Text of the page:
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I could write a book about the absurdities I went thru because of so-called 'producers'... but to keep it on topic, here are two wonderful uses of well-known music in advertising, both from my wonderful country:

 

- For several years, a toilet paper firm tormented us with the beginning of the Scherzo from Beethoven's Ninth Symphony. Yes, the Ninth Symphony and toilet paper. And the music was multi-chopped to fit the images. Unbelievable.

 

- The ad for a famous alcholic drink used Weather Report's "Birland" as background music for a while. Saying that the song was chopped doesn't give any idea of the massacre they did. A few notes from the synth intro, half of the first theme glued with another section, the first three notes from the brass melody... and everything so *out of sync* with the pulse of the song, that even my grandmother would have noticed. Those who knew the song couldn't stand it. Luckily, it didn't last long; I'm sure they received a few death threats. :evil:

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Back when I worked in radio I would frequently edit the vocals out of popular songs to use as beds during live breaks, intros and outros from commercial breaks and other stuff. This was with two-track tape, razor blades and editting tape. You would think the folks behind some of the music in these current campaigns would have equipment or concern to make sure those rhythmic glitches wouldn't happen. They are annoying.
chip
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linwood, I too do jingles over 95% of the time, and when I have had to play live without much rehearsal, I am a mess....I think because I do a 30 second piece of music and then move on to something completely different, I have lost my memory :-). you do it and move on, never to play it again in your life....must affect your musical memory.

 

up to two years ago, I use to do a weekly jam, which kept it all in check and re-energized my memory, but now I no longer do that, I am back to S@#T I can't believe all the tunes I have forgotten.

maybe it is time to start back a weekly live gig.

rsp

richard sven

sound sculptist

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Originally posted by Dick Ward (Alias: Mr. Pretentious):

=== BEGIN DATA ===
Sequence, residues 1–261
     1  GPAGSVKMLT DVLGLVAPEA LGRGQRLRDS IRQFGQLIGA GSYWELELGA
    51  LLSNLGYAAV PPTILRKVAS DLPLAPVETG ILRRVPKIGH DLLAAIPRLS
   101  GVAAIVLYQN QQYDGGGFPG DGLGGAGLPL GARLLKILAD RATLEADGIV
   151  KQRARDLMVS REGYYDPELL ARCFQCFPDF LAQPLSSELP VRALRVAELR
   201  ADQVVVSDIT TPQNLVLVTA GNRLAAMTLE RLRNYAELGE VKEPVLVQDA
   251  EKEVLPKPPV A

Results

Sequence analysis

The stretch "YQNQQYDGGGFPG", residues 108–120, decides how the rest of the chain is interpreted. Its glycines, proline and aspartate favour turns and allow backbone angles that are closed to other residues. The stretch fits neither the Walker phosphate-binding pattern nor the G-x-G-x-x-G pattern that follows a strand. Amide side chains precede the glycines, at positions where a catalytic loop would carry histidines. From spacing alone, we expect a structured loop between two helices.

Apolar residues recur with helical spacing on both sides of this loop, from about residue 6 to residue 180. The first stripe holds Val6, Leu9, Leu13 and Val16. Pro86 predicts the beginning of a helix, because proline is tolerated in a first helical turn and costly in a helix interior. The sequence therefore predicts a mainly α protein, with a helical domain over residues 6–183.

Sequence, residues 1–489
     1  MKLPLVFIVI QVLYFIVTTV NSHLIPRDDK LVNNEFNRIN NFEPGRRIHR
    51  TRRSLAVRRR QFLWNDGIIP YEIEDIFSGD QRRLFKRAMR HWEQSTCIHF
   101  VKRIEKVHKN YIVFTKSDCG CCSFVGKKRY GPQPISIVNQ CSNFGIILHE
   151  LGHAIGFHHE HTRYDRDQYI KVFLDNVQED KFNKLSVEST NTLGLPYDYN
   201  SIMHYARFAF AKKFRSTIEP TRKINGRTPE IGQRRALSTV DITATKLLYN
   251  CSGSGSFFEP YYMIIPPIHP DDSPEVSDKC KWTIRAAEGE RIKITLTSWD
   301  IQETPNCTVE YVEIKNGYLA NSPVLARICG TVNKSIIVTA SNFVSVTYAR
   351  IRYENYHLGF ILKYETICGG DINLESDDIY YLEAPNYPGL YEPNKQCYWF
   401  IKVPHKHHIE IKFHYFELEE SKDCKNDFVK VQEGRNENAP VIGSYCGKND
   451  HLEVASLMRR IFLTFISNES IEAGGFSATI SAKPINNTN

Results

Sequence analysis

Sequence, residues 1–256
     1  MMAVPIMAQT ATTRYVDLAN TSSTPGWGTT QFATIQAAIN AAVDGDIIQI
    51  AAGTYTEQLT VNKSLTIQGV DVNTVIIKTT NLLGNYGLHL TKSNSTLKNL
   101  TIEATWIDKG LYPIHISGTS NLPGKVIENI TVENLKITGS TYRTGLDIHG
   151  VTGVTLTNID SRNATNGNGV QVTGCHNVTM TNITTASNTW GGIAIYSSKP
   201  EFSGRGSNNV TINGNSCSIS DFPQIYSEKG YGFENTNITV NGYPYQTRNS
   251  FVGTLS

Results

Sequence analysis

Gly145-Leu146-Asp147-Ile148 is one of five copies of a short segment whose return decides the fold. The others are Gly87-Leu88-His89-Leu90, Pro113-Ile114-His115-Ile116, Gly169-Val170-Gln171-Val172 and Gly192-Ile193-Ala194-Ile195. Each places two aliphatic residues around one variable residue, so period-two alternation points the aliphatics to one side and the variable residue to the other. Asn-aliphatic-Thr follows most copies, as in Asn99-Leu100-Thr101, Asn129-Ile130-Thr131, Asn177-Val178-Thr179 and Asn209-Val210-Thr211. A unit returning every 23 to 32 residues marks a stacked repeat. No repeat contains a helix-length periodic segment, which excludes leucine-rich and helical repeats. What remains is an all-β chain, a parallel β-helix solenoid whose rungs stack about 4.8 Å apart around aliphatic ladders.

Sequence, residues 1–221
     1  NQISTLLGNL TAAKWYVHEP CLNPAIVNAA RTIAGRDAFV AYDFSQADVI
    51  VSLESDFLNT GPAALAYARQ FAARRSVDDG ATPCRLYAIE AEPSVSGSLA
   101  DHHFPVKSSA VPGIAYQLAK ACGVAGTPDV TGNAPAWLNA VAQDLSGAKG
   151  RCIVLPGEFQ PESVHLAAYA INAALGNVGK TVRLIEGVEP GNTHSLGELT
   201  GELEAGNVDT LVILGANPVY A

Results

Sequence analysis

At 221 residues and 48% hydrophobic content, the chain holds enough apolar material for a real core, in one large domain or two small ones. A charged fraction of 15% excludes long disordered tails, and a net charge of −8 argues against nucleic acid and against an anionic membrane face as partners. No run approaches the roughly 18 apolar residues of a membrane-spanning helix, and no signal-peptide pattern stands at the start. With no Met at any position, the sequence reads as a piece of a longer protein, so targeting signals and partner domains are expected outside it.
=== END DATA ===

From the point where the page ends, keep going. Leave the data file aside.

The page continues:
Honestly though, don't blame the commercial people. I mean, they're bastards, but they didn't write the songs. Blame the artists that you love and support that need to sell out your favorite song and destroy all emotional attachment to it for a buck.

What about the fact that, in many cases, the artists don't even own the rights to them anymore? It is not them that are selling it out in those cases ... admittedly most of these are from an earlier era, when artists were more oblivious to licensing and publishing rights and signed everything over (see: The Beatles).
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You would think the folks behind some of the music in these current campaigns would have equipment or concern to make sure those rhythmic glitches wouldn't happen. They are annoying.
This is all part of my global, if you will, gripe about a lot of stuff going on in music. We have musical decisions being made by folks who are not musicians\instrumentalists but who do own a computer and music editing software. There's no need in many musical positions to actually know how to play an instrument it would seem; ... and a well known keyboard magazine very often features artists who fit that bill. :rolleyes:

No guitarists were harmed during the making of this message.

 

In general, harmonic complexity is inversely proportional to the ratio between chording and non-chording instruments.

 

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Originally posted by Dave Horne:

This is all part of my global, if you will, gripe about a lot of stuff going on in music. We have musical decisions being made by folks who are not musicians\instrumentalists but who do own a computer and music editing software. There's no need in many musical positions to actually know how to play an instrument it would seem; ... and a well known keyboard magazine very often features artists who fit that bill. :rolleyes:

I'd agree, to an extent.

 

Where I'd diverge is in the idea that you have to be able to play an instrument... what difference does it make if you hit the keys on a keyboard, or, for instance, place notes on a sequencer's matrix editor? While I think it would be counterproductive (often much easier to play stuff on a keyboard, and then edit if needbe), the important point is having enough knowledge of how music works, and enough ability, to create well crafted material.

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Originally posted by soundscape: